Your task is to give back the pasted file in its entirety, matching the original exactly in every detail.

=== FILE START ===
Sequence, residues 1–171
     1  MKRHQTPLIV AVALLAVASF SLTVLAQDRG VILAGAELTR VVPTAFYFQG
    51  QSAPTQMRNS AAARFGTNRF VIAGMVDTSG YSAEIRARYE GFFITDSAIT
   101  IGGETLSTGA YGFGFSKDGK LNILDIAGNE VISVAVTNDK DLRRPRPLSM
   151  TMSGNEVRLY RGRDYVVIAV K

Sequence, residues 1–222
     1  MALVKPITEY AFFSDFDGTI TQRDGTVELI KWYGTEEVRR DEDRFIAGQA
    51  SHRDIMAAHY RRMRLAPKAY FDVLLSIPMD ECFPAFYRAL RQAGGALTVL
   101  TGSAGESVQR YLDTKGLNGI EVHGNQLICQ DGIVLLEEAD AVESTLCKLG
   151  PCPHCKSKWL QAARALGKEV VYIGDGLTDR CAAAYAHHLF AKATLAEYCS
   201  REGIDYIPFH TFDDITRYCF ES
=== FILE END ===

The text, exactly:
Sequence, residues 1–171
     1  MKRHQTPLIV AVALLAVASF SLTVLAQDRG VILAGAELTR VVPTAFYFQG
    51  QSAPTQMRNS AAARFGTNRF VIAGMVDTSG YSAEIRARYE GFFITDSAIT
   101  IGGETLSTGA YGFGFSKDGK LNILDIAGNE VISVAVTNDK DLRRPRPLSM
   151  TMSGNEVRLY RGRDYVVIAV K

Sequence, residues 1–222
     1  MALVKPITEY AFFSDFDGTI TQRDGTVELI KWYGTEEVRR DEDRFIAGQA
    51  SHRDIMAAHY RRMRLAPKAY FDVLLSIPMD ECFPAFYRAL RQAGGALTVL
   101  TGSAGESVQR YLDTKGLNGI EVHGNQLICQ DGIVLLEEAD AVESTLCKLG
   151  PCPHCKSKWL QAARALGKEV VYIGDGLTDR CAAAYAHHLF AKATLAEYCS
   201  REGIDYIPFH TFDDITRYCF ES